well yes, the pri/pub debt ratio is a symptom not a cause. The generalised cause of the cycle is capital accumulation coupled with private sector hubris (e.g. we don't need no steenking commie regulations).

However, that cycle is relatively modern I would say, since the late 19th century.

Prior to that its just pure mercantilism/imperialism.

But I will stick with my claim that hyperinflations are not a feature of high private versus public debt ratio.

Link to post
Share on other sites

well yes, the pri/pub debt ratio is a symptom not a cause. The generalised cause of the cycle is capital accumulation coupled with private sector hubris (e.g. we don't need no steenking commie regulations).

However, that cycle is relatively modern I would say, since the late 19th century.

Prior to that its just pure mercantilism/imperialism.

But I will stick with my claim that hyperinflations are not a feature of high private versus public debt ratio.

They are a feature of states wanting to pay their bills but not being able to get tax revenue.

(Populations went up exponentially from the time when they started to back the equally exponentially rising currency I can't help but notice.)

Link to post
Share on other sites

Quite. Back to my original point about the balance between consumption and investment. I am drawn back to that prophetic video on Gatt with the 'nutter' James Goldsmith where he refers to the 'historic balance' between capital and wages of about 60:40 if I recall correctly.

It seems to me that we have had a tremendous hiatus with globalisation whereby firstly the wages of the new workers have acted as a massive deflationary black hole at the heart of the world economy and that that share between capital and labour has indeed been broken leading to huge profits and ongoing massive overinvestment (maybe not here but looking at places like Shanghai). So not only do we have the issue of these very low wages but also increasingly huge over capacity going forward.

So coming back to the OP, I do believe the issue has basically been about globalisation and how that has impacted on wages, financial flows, balance between rich and poor and capital formation and accumulation. I'm waiting for Sceppie to cement his reputation to come up with a unifying equation the solves all this.

img3779.png

=42

Link to post
Share on other sites

So coming back to the OP, I do believe the issue has basically been about globalisation and how that has impacted on wages, financial flows, balance between rich and poor and capital formation and accumulation. I'm waiting for Sceppie to cement his reputation to come up with a unifying equation the solves all this.

I'll watch the vid later. As for unifying equations, you're just extracting the pish from me a bit here I think :)

Anyway,

I think people are confused between TWO overlaid pure economic trends. One is as you say the globalisation phenomenon, which is of course mixed up with technology, and problems of various sectors escaping the tax net, politics, all mixed with skewed demographics and interest rate differentials. This globalisation/multicorp/mercantilist phenomena is the younger of the two trends and has only really got going in the last few decades. Fundamentally though this is just a standard case of Marxian capital accumulation.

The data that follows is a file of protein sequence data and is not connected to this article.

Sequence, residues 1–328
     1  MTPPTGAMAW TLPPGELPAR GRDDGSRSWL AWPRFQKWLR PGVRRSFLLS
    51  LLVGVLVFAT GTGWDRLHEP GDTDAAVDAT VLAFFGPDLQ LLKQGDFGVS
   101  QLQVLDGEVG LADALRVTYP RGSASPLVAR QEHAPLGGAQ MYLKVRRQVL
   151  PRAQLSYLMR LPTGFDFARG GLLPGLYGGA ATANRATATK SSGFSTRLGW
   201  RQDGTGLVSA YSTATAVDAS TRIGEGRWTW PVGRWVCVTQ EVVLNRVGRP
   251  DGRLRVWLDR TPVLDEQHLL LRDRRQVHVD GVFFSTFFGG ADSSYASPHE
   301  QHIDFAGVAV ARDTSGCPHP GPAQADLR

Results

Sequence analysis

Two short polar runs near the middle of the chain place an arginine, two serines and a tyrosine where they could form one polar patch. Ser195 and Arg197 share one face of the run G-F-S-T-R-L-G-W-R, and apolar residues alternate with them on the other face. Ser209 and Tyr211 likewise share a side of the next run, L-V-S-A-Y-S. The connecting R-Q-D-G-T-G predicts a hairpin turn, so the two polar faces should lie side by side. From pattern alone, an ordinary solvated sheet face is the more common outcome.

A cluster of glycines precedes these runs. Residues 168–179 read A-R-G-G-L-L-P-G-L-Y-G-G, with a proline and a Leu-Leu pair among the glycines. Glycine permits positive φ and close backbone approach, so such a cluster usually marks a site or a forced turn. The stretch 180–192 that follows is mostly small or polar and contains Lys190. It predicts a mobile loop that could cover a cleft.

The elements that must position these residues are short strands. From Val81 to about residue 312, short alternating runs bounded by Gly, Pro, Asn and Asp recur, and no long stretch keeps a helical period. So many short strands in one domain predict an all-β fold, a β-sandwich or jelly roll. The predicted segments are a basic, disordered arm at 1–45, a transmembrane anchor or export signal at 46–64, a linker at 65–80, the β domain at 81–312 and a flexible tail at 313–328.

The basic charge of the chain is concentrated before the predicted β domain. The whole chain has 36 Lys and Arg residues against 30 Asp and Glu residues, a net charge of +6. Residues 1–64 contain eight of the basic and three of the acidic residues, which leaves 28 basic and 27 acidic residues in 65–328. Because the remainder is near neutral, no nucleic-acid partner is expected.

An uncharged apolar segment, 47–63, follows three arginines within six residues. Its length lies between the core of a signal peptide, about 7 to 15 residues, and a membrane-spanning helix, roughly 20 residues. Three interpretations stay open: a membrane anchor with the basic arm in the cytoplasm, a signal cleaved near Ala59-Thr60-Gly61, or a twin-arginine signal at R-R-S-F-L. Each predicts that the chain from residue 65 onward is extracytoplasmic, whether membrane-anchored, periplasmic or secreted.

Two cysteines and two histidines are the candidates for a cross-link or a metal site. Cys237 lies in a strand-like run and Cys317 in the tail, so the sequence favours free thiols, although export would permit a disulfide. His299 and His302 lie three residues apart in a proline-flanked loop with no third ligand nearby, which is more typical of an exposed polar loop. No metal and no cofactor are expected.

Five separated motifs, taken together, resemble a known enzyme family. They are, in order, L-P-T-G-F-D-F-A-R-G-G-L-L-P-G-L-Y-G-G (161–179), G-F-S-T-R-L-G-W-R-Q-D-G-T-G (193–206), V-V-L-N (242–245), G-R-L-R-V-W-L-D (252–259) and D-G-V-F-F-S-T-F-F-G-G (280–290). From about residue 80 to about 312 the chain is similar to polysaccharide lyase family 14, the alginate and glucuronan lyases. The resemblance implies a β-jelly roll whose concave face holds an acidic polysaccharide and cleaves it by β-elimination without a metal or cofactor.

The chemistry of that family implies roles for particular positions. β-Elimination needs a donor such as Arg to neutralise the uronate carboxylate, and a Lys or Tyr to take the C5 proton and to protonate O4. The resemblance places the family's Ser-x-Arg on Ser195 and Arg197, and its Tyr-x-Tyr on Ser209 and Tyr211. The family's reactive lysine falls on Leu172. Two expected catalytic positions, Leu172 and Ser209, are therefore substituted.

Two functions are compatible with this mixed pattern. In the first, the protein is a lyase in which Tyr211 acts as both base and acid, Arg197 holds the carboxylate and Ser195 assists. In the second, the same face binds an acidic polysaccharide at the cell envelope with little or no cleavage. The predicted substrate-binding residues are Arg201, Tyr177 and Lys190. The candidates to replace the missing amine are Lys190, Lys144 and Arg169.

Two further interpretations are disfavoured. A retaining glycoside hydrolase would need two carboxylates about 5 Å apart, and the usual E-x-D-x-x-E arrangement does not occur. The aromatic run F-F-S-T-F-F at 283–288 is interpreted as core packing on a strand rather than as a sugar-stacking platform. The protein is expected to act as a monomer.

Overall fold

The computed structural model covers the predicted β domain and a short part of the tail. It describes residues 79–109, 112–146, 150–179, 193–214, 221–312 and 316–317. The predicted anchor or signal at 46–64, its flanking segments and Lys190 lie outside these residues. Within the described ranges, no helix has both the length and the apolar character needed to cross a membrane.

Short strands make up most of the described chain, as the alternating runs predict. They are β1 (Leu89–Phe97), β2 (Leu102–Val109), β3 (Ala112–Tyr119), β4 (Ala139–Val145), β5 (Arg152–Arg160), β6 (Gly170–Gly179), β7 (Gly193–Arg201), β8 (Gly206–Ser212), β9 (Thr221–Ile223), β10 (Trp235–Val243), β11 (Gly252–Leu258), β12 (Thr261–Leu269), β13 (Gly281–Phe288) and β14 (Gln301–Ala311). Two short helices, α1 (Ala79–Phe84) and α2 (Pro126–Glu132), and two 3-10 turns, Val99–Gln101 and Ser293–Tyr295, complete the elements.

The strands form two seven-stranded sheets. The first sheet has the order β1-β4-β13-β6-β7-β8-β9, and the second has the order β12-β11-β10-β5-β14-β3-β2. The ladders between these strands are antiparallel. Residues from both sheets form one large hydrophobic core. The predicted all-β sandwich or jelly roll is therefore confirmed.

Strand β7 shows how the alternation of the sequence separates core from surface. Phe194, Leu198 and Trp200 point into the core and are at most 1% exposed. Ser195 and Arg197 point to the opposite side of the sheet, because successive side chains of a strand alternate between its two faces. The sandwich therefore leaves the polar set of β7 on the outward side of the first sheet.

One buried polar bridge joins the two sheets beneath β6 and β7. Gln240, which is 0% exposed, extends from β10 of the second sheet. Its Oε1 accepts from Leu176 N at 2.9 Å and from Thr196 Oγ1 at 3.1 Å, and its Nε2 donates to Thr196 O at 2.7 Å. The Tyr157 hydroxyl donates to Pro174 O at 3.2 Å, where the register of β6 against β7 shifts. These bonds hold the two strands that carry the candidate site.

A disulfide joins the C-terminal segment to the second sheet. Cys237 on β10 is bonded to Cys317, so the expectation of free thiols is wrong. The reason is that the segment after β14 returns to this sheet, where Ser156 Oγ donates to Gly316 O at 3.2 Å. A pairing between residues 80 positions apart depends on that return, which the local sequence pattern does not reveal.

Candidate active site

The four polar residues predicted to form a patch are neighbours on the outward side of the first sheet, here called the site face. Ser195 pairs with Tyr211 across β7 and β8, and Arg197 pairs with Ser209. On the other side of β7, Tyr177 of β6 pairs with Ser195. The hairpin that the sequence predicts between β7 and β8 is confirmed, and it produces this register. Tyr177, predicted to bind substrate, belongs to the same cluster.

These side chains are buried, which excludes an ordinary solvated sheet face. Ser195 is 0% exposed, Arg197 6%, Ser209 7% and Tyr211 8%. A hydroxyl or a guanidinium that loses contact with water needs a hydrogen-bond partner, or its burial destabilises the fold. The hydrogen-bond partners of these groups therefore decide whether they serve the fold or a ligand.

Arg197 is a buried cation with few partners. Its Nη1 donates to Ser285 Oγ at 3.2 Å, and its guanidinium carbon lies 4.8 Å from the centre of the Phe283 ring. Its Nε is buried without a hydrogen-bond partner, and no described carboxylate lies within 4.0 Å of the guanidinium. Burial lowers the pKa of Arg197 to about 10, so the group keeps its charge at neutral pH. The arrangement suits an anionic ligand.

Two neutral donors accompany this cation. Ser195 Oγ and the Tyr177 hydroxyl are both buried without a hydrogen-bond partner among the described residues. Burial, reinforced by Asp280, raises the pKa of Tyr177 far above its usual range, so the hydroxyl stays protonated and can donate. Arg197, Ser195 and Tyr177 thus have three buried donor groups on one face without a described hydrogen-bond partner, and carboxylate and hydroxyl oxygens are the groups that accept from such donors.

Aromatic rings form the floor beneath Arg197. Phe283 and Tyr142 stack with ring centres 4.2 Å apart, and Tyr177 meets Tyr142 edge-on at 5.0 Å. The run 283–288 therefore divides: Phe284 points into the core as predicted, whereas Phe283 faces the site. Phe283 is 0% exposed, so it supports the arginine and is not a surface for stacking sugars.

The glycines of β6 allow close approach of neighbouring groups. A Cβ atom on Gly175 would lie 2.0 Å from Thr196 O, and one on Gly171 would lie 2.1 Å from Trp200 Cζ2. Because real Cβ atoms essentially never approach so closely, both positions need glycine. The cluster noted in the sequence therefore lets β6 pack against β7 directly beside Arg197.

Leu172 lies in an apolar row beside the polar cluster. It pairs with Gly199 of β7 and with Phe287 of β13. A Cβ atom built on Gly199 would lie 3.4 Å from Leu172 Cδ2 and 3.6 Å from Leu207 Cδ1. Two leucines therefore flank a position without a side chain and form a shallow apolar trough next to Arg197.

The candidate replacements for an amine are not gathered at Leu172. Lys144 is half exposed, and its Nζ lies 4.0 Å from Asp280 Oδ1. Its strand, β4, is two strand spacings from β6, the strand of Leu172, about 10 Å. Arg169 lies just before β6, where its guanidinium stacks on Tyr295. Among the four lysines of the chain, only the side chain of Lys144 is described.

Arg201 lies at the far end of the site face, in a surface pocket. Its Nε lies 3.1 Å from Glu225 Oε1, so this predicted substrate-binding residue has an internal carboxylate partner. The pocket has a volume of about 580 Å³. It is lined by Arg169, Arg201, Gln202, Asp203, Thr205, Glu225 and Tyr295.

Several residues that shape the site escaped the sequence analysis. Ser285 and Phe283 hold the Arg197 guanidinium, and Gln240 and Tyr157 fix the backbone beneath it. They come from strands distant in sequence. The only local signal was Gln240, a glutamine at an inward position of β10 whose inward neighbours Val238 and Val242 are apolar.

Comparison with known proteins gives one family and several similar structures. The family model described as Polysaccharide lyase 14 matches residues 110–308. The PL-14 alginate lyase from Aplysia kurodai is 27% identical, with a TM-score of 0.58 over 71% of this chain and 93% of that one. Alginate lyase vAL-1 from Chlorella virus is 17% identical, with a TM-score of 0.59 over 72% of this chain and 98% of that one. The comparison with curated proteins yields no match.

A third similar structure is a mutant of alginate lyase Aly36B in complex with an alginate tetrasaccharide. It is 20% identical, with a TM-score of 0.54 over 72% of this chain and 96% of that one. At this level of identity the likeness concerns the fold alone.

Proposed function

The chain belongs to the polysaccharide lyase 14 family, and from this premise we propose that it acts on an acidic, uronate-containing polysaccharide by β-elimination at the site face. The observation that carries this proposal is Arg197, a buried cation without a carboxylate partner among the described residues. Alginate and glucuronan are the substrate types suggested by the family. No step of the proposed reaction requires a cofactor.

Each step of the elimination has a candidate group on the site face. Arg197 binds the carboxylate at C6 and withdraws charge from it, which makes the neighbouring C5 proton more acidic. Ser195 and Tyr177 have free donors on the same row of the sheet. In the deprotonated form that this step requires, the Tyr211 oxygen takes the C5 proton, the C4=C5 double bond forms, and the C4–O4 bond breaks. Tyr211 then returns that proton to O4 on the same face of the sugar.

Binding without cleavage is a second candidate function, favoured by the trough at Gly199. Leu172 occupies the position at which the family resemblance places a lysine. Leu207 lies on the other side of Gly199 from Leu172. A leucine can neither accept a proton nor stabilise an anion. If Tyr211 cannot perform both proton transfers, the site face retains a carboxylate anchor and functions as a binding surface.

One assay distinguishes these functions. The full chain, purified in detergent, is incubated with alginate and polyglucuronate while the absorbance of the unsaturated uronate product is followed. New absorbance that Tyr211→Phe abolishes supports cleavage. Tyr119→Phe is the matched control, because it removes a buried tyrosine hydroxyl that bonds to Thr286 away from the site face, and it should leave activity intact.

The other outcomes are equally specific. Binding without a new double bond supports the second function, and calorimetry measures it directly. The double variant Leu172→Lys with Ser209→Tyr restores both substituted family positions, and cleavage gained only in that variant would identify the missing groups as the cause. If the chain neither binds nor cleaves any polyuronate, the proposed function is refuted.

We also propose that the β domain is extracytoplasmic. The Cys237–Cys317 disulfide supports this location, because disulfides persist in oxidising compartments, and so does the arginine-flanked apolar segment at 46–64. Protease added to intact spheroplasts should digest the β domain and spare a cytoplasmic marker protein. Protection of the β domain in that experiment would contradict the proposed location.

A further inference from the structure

The second trend, which is longer running is the "sublimation of money" impulse, which IMO is the primary cause of the post-war exponential in total debt and is what I am talking about when I talk about "peak debt" being an inevitable equilibrium of modern economies.

These two have separate drivers and their being intertwined has made it so difficult to unpick the causes and outcomes.

Link to post
Share on other sites

(...) the acceptance of violence as a tool to solve problems.

Without the state to protect you, you would have to defend yourself.

Though alone you wouldn't be a match for a gang or robbers. But you could talk to your neighbours, and help each other.

A non-aggression pact with the neighbouring estate would be helpful too. And some co-ordination may prove vital also.

Similar thing re. the neighbouring town.

And let's chose all these leaderships democratically.

Keep going, as necessity dictates, a few years late = modern state.

Oops! :unsure:

Injin, you can wish physical force away as much as you can wish gravity away. The only choice is between delegating it to a democratic state, or let it run wild, law of the jungle.

See here: http://en.wikipedia.org/wiki/Legitimate_use_of_force

Only two options there. But the 2nd will, in time, take to the 1st. History says so too.

Link to post
Share on other sites

Without the state to protect you, you would have to defend yourself.

Though alone you wouldn't be a match for a gang or robbers. But you could talk to your neighbours, and help each other.

A non-aggression pact with the neighbouring estate would be helpful too. And some co-ordination may prove vital also.

Similar thing re. the neighbouring town.

And let's chose all these leaderships democratically.

Keep going, as necessity dictates, a few years late = modern state.

Oops! :unsure:

Injin, you can wish physical force away as much as you can wish gravity away. The only choice is between delegating it to a democratic state, or let it run wild, law of the jungle.